Left unaddressed, the South Flow problems will get worse: in 2016, SJC was the fastest growing large airport in the US and the SJC 2016 Master Plan projects that traffic into SJC will double between 2015 and 2027. This plan also shows a four-fold increase in cargo aircraft, which can be especially loud. Fulfilling all this demand would mean a plane almost every two minutes during waking hours. Regularly scheduled flight operations are permitted from 7am until 11pm, with late arrivals often heard past midnight. Quieter aircraft can operate 24 hours a day.
What can be done?
A concerted effort between residents of affected cities and elected officials convinced the San Jose Airport Commission and the San Jose City Council in 2017 to establish an Ad Hoc Advisory Committee to address South Flow (official page). The committee consists of city council members from affected cities who will hear input from residents, the FAA and airport staff to make recommendations to the FAA for addressing South Flow. This is the opportunity to resolve the South Flow problem!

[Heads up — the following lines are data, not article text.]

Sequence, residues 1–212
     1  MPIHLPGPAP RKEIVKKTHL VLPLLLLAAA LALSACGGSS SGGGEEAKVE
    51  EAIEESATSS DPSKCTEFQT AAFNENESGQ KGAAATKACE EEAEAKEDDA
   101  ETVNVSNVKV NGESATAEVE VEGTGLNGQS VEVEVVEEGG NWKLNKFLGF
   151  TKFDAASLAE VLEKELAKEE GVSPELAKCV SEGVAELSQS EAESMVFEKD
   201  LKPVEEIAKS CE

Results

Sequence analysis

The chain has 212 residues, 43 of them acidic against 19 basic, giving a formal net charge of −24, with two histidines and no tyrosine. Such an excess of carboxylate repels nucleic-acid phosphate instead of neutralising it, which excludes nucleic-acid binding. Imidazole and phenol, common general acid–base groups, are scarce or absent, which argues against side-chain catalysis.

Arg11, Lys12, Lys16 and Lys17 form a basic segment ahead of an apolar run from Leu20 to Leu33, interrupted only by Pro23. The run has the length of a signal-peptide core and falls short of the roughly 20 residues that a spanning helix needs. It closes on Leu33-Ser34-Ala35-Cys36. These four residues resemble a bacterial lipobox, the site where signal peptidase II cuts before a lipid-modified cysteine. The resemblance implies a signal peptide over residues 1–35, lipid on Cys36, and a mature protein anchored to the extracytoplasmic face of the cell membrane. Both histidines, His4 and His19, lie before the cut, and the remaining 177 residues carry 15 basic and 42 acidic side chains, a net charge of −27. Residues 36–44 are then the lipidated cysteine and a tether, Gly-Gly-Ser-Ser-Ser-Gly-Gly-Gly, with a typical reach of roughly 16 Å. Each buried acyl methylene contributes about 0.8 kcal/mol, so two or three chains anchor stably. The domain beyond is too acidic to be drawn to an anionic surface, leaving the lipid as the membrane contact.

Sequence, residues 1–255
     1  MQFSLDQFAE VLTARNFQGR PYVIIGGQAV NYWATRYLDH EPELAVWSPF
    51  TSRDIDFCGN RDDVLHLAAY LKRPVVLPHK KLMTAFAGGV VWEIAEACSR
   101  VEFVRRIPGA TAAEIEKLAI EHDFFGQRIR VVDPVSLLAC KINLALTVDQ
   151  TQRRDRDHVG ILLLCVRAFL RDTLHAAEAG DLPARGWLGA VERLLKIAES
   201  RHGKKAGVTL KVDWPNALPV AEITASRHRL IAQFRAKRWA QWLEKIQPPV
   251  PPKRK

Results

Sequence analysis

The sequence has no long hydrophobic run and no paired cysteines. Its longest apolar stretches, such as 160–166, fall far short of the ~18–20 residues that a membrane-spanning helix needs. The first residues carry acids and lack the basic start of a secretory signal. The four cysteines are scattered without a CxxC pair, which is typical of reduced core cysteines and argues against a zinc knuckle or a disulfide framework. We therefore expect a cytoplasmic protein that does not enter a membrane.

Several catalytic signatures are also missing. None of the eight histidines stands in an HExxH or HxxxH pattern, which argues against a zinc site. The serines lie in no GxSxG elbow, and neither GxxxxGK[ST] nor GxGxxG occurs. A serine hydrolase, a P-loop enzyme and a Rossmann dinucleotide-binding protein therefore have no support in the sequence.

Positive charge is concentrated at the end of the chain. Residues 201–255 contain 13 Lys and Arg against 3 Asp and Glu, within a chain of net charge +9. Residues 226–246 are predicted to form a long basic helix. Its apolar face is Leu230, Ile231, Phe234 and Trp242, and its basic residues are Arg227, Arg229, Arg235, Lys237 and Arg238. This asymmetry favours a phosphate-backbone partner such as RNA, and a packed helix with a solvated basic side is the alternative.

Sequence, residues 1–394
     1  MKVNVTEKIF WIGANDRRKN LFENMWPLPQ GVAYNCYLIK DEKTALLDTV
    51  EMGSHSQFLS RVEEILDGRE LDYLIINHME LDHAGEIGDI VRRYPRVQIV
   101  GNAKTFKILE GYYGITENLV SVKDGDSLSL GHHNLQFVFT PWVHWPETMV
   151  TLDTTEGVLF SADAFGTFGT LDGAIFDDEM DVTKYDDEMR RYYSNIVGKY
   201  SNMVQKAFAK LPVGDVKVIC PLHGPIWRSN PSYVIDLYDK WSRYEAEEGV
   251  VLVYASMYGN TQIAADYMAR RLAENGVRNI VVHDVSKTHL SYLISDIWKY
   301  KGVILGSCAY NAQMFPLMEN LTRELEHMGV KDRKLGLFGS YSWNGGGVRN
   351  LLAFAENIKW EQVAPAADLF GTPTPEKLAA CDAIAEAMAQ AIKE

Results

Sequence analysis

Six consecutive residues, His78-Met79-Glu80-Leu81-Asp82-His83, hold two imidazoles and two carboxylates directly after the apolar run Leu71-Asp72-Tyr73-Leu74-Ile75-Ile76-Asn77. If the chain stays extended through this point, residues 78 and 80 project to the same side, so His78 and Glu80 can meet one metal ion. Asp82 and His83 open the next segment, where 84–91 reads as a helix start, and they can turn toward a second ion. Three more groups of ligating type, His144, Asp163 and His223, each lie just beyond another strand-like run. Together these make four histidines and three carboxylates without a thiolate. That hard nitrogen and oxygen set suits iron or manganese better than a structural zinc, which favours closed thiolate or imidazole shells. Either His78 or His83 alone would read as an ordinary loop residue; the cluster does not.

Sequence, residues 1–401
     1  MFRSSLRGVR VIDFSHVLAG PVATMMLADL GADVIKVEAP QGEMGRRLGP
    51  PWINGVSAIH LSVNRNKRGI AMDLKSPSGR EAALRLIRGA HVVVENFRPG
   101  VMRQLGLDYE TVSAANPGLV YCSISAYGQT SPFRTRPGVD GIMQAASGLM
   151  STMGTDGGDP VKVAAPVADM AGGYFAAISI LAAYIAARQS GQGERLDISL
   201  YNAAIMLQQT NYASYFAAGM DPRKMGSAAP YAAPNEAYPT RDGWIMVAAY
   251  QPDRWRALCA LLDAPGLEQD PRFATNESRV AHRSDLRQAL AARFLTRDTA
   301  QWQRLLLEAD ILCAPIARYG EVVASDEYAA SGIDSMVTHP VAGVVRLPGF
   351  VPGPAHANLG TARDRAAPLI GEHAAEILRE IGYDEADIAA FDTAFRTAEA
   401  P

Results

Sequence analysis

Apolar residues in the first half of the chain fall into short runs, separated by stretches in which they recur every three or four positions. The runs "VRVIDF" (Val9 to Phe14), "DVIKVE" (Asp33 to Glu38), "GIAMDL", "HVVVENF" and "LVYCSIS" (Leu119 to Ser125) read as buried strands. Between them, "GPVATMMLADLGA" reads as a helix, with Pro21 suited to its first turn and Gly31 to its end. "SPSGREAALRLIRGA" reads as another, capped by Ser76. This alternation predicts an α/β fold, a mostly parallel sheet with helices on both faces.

Some of the solutions that should be considered are:
Undo the concentration and shift of aircraft. The low volume of complaints in the past has shown that this is effective and fair.
Reduce speed. The speed has a much greater influence on the noise of a plane than the altitude.
Reduce use of flaps, slats and air brakes. Use of these surfaces are often the biggest source of noise on arrivals.